Apple and the Guardian: Partners in a Death Spiral
Date Written: 2018-01-20
Publisher: Dissident Voice
Year Published: 2018
Resource Type: Article
Cx Number: CX21945
This report on Apple CEO Tim Cook's visit to a UK school to promote the company's new coding curriculum for schoolchildren could hardly be a better illustration of the way the Guardian newspaper serves as a key propagandist for aggressive global corporate capitalism, helping to create for it a façade of humanitarianism.
So how did Cook contribute to serving humanity at Apple as senior vice-president of worldwide operations? Here is the Guardian's extremely brief and bland summing up of his early career at Apple, the period that presumably proved him worthy of being Jobs' successor:
He closed factories and warehouses, replacing them with contract manufacturers in Asia. He also kept costs under control and secured long-term deals in soon-to-be-crucial parts for the company, including flash memory storage for the iPod Nano, iPhone and iPad, which locked out competitors.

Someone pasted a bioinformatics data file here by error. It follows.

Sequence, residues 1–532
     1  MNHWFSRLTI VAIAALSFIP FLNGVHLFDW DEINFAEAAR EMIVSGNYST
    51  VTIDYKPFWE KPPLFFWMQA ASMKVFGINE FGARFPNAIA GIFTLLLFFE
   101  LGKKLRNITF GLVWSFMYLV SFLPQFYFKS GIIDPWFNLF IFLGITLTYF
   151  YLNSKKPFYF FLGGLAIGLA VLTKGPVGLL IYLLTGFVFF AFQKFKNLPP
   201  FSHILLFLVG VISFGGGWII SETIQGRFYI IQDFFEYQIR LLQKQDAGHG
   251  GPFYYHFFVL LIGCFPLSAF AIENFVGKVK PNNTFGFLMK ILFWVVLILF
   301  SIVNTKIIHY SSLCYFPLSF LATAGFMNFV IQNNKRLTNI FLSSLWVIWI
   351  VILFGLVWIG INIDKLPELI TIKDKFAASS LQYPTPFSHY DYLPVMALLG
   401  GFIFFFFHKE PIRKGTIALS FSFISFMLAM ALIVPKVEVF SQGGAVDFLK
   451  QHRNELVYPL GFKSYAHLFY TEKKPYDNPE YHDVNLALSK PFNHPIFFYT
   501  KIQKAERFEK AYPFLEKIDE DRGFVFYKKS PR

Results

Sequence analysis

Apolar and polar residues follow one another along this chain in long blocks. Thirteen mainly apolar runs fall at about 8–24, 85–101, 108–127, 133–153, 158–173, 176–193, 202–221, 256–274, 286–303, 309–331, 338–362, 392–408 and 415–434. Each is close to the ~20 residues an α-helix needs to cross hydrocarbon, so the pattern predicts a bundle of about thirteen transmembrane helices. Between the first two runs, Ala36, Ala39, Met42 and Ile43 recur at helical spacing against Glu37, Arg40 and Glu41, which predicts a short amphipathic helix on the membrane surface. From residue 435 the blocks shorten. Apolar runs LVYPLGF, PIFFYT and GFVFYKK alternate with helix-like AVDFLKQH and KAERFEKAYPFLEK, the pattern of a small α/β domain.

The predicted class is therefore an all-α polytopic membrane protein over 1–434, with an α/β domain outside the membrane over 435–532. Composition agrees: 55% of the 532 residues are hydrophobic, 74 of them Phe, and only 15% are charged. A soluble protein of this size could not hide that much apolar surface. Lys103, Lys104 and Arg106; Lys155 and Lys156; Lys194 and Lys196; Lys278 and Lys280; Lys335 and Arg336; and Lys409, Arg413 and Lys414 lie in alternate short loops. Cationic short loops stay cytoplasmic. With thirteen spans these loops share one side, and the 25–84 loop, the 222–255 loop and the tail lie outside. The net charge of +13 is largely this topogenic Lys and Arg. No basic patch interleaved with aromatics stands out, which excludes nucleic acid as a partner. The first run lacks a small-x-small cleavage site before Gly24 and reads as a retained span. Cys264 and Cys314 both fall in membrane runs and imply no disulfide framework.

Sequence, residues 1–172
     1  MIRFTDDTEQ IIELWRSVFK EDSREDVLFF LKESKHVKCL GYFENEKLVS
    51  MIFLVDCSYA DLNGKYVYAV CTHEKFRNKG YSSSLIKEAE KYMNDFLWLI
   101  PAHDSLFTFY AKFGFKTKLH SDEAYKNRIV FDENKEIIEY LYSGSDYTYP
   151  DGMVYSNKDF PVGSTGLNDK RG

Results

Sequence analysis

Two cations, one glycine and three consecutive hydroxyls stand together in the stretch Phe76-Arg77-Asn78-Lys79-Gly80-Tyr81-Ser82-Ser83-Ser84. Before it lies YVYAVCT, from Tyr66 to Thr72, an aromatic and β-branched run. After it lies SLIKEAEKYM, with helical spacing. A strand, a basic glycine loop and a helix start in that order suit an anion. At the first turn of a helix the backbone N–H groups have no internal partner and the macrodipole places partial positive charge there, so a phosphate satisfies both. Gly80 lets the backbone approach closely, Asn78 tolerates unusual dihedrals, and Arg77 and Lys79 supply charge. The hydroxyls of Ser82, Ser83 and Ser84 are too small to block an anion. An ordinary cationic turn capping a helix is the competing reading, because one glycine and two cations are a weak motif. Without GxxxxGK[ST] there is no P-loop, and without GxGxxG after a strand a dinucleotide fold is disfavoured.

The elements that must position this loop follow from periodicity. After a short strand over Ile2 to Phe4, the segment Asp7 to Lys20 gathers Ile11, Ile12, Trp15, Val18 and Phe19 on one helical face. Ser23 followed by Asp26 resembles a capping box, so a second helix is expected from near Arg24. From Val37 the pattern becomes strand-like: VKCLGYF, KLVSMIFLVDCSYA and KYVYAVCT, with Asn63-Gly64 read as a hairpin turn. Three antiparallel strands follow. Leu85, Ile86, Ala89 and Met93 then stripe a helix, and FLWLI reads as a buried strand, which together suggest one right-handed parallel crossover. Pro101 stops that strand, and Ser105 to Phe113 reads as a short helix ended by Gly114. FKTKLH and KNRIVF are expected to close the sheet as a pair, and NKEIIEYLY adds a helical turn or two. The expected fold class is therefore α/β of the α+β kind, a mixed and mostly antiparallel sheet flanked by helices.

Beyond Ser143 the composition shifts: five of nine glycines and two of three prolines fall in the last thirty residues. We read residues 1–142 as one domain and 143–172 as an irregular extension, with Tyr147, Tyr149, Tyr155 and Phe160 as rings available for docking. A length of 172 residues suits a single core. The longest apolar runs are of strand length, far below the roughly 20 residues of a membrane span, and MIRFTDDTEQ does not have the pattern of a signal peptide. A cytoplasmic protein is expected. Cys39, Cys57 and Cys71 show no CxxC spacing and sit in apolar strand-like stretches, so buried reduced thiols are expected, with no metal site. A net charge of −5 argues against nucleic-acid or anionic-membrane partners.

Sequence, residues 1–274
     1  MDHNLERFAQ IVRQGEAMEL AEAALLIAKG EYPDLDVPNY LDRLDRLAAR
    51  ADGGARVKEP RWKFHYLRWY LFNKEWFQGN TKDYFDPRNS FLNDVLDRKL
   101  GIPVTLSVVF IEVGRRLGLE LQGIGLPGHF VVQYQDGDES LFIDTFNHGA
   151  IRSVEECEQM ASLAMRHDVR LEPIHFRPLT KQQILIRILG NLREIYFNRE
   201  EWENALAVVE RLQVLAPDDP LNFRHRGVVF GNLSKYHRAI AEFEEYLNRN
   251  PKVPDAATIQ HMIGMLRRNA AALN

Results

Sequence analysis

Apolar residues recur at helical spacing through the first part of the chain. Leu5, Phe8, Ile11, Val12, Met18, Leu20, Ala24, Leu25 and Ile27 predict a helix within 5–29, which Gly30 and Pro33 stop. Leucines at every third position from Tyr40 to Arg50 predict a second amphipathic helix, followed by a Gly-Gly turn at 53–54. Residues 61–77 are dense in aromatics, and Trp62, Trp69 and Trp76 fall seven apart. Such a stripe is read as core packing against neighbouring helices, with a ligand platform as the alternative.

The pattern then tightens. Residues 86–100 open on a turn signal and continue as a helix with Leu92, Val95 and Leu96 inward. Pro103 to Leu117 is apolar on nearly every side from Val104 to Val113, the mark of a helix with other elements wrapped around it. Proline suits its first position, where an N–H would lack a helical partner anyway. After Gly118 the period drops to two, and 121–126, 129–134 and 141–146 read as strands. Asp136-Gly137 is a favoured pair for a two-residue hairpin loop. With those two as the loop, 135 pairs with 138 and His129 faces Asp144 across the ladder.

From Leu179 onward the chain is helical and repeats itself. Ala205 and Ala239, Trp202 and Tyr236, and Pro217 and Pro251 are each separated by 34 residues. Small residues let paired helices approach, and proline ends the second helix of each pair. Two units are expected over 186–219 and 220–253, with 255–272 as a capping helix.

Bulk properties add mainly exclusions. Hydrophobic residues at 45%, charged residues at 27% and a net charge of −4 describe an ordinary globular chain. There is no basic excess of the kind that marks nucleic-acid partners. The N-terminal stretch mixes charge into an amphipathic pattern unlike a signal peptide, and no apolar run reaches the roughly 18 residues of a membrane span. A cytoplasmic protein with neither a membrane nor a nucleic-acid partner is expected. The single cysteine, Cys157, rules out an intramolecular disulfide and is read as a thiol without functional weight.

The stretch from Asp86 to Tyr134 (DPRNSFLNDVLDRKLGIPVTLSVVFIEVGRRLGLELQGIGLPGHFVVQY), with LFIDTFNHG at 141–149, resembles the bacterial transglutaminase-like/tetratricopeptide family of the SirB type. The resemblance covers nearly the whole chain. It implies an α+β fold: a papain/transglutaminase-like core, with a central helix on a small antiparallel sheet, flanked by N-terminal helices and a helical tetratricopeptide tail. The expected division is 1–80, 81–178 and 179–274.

If one pauses long enough to decode that passage – and the Guardian gives every appearance of preferring you don't – it reveals Cook (as one might expect of a successful CEO of a global corporation about to become the richest in the world) as a ruthless, cut-throat businessman, who turned large numbers of Apple's employees out on to the street and left many others in far worse conditions, working for "contractors".